Have you ever wondered why people go into ministry? I have a theory about that … and I’ve set it to music, of course.
What do pastors and political operatives have in common? Too darned much, sometimes.
Today I’m thinking of an old poem: “Kubla Khan; or, A Vision in a Dream: A Fragment,” written by Samuel Taylor Coleridge in 1797. I’m also thinking of an even older poem: the Book of Revelation.
(Perhaps I should apologize to those whom the title of this post fooled into expecting a clip from “Xanadu,” the 1980 roller-disco movie featuring Olivia Newton-John and Gene Kelly. But I’ll try to do something with that movie next week!)
In honor of Father’s Day, here’s a guest missive from my own dear father, Howard Webber. On this rainy morning in Holderness, New Hampshire, he offered some affirmation for me, and some wise words for fathers everywhere.
(Incidentally, I asked my mother to do a guest missive too. She only laughed and said, “That’ll be the day!”)
I’m in Holderness, NH, enjoying some vacation time with my family. (There’s a big motorcycle rally going on this week in nearby Laconia—that accounts for the background noise in the video!) In between naps and family excursions, I’ve been thinking about a question this week, and I’d really like your help with it.
Please leave a comment and help me wrestle with this question. Suppose there were a church assembly where you could honestly say to people, in every minute they spent with you, yes, this is the best, the brightest, the most rewarding thing we could be doing together right now. What would that look like?
Hello, friends! I’m releasing this edition of The Merry Mystic a little early, so you can have it for Pentecost Sunday. Pentecost is a celebration of the Holy Spirit: a noise like a rushing wind, and tongues of fire, and speaking in tongues, and all that. And whenever I think of the Holy Spirit, I think of this beautiful little poem by A. A. Milne.
Spring is on my mind and in my heart this week. Trees are leafing out overnight, and foals and fawns are frolicking in the meadows. The sexy ebullience of creation is made manifest. It’s like a recapitulation of the seven-day creation story from Genesis. I picture God as calling all living things, both into existence and toward God’s self simultaneously. This call is a deep enchantment, a longing that is part of our incarnational being, a magnetism that draws us Godward.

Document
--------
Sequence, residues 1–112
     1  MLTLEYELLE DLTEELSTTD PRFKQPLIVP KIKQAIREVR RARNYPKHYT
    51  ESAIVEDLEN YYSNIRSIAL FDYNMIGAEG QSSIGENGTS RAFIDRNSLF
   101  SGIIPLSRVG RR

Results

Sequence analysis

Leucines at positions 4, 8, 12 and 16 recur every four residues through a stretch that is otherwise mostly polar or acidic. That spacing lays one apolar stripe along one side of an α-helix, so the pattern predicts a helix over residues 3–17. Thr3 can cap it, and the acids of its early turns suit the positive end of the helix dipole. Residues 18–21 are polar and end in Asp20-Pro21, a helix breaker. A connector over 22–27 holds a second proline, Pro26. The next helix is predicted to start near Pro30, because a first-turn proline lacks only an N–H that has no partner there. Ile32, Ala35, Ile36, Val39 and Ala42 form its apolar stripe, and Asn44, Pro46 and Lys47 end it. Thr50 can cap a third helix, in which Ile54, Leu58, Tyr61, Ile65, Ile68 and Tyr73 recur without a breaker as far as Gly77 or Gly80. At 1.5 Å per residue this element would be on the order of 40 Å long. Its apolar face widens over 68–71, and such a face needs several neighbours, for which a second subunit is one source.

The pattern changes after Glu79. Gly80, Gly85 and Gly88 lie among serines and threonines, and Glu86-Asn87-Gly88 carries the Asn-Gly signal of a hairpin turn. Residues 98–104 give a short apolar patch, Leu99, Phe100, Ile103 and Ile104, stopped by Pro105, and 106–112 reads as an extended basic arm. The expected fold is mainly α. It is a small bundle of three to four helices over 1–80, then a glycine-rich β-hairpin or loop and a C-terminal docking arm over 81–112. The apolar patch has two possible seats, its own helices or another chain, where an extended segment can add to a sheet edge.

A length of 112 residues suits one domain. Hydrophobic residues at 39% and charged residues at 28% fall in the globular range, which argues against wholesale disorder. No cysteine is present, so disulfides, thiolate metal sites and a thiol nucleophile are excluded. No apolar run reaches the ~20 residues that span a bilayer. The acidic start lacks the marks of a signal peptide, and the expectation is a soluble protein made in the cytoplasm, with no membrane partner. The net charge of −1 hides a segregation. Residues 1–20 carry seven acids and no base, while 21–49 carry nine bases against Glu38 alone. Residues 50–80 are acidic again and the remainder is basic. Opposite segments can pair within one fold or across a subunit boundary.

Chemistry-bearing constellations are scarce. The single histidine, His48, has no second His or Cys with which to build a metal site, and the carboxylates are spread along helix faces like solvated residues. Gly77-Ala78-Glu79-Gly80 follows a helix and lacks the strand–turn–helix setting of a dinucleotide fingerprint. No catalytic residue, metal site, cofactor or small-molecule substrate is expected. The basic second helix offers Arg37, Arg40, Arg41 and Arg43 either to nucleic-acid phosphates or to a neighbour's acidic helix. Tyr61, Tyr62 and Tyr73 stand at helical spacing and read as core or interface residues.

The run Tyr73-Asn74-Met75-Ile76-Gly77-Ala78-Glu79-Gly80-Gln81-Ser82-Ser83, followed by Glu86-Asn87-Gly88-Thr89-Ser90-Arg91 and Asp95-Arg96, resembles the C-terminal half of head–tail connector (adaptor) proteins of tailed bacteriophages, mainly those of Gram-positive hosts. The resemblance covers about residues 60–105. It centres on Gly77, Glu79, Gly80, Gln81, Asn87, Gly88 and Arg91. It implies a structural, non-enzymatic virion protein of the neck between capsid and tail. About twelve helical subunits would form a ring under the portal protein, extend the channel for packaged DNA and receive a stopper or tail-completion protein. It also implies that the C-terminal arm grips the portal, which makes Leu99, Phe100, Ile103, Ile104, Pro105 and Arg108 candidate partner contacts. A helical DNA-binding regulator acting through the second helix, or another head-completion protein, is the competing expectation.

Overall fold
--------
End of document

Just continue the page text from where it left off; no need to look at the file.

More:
That’s the idea of “Come To Me,” a song from my 2012 album As a Deer Longs. Without a band and a DJ, I can’t do this one live, so here it is as an MP3.
In case the lyric went by too fast, here it is in full:
Come To Me I am ready now. I have trained myself for this. I summon you: Come to me! Bird of the air, I summon thee: Flap your wings and come to me! Beast of the earth, I summon thee: Stomp your feet and come to me! Fish of the sea, I summon thee: Shake your fins and come to me! I shine my light and draw you like a moth to a flame, I sing the song and send the sound of saying your name. I pull you to the edge and then I pull a little more, I light the fuse and spread the news and open up your hidden door. Now come to me! I open up a path that you won’t find on the map, I light the dark and make a spark that bridges your gap. I dance before the altar and you feel the earth shake, I touch you and your sun comes up and tells you that you’re wide awake. Now come to me! Fly me, whale me, stork me, quail me, hare me, snail me, come to me! Bear me, bee me, mare me, flea me, manatee me, come to me! Louse me, mouse me, goat me, stoat me, tick me, chick me, come to me! Bat me, gnat me, frog me, rat me, dog me, cat me, come to me! Come to me! Come!
My Store page tells you how to buy that album, if you’d like to hear more.
Here’s a book my fellow Merry Mystics might enjoy: Beyond Resistance by Rev. Dr. John Dorhauer.
John also does a weekly podcast that might appeal to Merry Mystics. It’s called “Into the Mystic,” and you can find it here.
Hello, friends. Here’s a Mothers Day special, in honor of my own wonderful mother.
Here’s the text of that version of Psalm 23.
The Lady Is My Mother The Lady is my mother; I shall not want. She tucks me in between clean sheets; She reads me a story. She cleans the cut and binds on the Band-Aid; She combs down my hair for our name's sake. Even though I tremble and cry out in darkness, I will waken with relief, For you are with me; your hand and your voice, they comfort me. You prepare a table before me with macaroni and cheese in the presence of my siblings; You set fresh milk on the table, and only gently scold me when My cup runneth over. Surely love and generosity shall sustain me all the days of my life, And I will dwell in the house of the Lady for ever.
The Gospel of John is the gospel of mixed metaphors. Here’s a little song to help you enjoy them…